Federal Challenge to NJ's Immigrant Trust Directive Could be Undermined by Its Own Arguments - New Jersey Law Journal
From: New Jersey Law Journal, click here to view the full article.
By: David Cinotti, Pashman Stein Walder Hayden
On March 3, 2020, the United States Supreme Court held in Kansas v. Garcia that federal immigration law did not preempt Kansas from prosecuting aliens for supplying false information on tax-withholding forms even though state law may not criminalize the use of the same false information on federal I-9 employment-verification forms. The federal government supported Kansas’ position in the case. In a 5-4 decision, the Supreme Court sided with Kansas and the United States, and held that the federal Immigration Reform and Control Act of 1986 (IRCA) does not preempt state identify-theft and false-information statutes as applied to aliens who use others’ Social Security numbers on tax-withholding forms.
The case addressed both express and implied preemption under the Constitution’s Supremacy Clause. For present purposes, the most important ruling concerned implied “conflict” preemption, that is, the principle that state laws are preempted when they stand as an obstacle to congressional purposes in federal law. The majority took a narrow, textual view of conflict preemption, with two of the five justices in the majority calling for abrogation of the doctrine entirely.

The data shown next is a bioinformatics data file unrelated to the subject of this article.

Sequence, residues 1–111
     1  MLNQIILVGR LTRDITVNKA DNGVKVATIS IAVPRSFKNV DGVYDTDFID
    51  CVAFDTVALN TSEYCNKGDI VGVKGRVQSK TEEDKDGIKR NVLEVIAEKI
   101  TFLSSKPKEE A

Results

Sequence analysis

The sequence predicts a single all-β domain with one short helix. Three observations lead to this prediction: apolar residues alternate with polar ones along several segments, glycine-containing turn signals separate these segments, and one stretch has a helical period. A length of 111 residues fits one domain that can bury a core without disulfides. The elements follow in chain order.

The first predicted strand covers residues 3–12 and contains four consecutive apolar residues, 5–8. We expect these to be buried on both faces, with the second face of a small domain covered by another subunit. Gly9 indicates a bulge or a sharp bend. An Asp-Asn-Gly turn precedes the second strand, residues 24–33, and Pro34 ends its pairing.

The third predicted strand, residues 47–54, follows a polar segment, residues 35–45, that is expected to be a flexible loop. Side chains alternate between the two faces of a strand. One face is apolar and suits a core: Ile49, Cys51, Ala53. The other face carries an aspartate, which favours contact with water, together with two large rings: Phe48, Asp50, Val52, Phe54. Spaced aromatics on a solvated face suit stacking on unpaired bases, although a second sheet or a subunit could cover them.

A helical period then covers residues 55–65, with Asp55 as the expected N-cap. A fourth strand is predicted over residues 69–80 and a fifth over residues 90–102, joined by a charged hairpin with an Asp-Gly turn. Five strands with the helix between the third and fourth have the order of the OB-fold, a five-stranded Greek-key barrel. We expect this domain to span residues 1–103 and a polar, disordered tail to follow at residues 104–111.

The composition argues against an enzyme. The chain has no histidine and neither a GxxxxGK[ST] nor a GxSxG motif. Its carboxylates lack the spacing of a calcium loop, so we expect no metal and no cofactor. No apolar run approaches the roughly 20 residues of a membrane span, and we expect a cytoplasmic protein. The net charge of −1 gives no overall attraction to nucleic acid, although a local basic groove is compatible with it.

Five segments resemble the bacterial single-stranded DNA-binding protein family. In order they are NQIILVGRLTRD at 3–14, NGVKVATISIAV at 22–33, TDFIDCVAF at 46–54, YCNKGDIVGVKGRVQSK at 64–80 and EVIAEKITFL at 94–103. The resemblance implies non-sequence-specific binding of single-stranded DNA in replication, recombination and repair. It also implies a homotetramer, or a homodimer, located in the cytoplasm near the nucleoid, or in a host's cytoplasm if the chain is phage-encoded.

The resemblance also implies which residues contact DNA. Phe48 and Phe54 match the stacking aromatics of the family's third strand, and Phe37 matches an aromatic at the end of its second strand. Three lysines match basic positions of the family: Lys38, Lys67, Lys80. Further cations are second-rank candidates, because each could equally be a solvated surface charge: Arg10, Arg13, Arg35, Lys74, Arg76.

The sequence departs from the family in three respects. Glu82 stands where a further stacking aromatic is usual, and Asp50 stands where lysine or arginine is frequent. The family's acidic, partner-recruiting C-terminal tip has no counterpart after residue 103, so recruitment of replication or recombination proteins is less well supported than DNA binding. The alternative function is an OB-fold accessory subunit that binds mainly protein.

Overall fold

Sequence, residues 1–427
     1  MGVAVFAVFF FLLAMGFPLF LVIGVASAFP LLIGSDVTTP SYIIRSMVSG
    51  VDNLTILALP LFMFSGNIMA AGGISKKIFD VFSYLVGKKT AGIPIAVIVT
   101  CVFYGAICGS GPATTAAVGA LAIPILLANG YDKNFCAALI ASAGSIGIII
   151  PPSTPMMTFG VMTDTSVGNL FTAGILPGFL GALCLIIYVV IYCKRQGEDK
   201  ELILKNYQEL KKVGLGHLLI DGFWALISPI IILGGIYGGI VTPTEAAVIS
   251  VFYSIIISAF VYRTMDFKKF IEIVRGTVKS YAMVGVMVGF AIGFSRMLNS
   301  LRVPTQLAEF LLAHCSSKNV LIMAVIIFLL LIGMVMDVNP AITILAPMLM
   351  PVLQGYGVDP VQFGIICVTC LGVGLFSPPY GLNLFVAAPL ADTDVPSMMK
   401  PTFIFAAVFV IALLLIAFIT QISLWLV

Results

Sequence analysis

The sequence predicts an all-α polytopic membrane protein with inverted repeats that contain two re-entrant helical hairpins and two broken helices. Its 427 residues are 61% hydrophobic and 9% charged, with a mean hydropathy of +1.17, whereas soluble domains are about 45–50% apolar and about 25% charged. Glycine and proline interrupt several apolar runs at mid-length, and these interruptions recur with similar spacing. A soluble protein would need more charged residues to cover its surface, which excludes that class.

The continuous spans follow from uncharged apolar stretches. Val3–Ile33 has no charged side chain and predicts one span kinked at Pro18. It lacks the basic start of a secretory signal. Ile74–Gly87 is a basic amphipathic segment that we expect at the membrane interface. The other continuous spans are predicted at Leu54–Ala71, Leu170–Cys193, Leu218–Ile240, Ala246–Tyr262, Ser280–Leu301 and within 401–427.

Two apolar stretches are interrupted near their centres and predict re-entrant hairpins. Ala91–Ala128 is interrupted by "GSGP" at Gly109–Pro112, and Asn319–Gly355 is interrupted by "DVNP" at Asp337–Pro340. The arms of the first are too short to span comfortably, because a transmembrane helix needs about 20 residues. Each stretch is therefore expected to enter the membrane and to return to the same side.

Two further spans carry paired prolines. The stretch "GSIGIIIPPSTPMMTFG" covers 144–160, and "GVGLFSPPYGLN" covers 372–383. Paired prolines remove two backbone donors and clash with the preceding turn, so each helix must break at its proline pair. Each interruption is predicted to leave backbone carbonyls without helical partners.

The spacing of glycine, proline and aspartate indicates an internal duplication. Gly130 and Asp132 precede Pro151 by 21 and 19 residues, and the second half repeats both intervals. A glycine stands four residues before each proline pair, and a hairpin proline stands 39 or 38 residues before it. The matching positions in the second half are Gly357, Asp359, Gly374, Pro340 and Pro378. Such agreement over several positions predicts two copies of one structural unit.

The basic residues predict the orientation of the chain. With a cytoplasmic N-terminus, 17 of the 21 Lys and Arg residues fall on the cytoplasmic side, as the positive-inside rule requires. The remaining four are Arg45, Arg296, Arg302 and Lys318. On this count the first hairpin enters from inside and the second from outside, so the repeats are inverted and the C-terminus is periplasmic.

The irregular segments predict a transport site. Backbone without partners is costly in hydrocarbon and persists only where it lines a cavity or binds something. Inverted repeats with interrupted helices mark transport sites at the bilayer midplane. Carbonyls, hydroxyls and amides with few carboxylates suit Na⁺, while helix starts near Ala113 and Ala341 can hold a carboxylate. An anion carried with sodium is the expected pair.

While the federal government supported Kansas’ efforts to prosecute aliens for obtaining work through false information, it recently sued New Jersey to enjoin Attorney General Gurbir S. Grewal’s Immigrant Trust Directive (Law Enforcement Directive No. 2018-6) on the ground that federal immigration law preempts the Directive. Among other things, the Directive limits the information that New Jersey law-enforcement officers may provide to immigration authorities and prevents compliance with federal immigration detainers—requests that aliens in state custody continue to be detained pending federal immigration enforcement. The federal government argues that the Directive obstructs congressional objectives under the Immigration and Nationality Act (INA).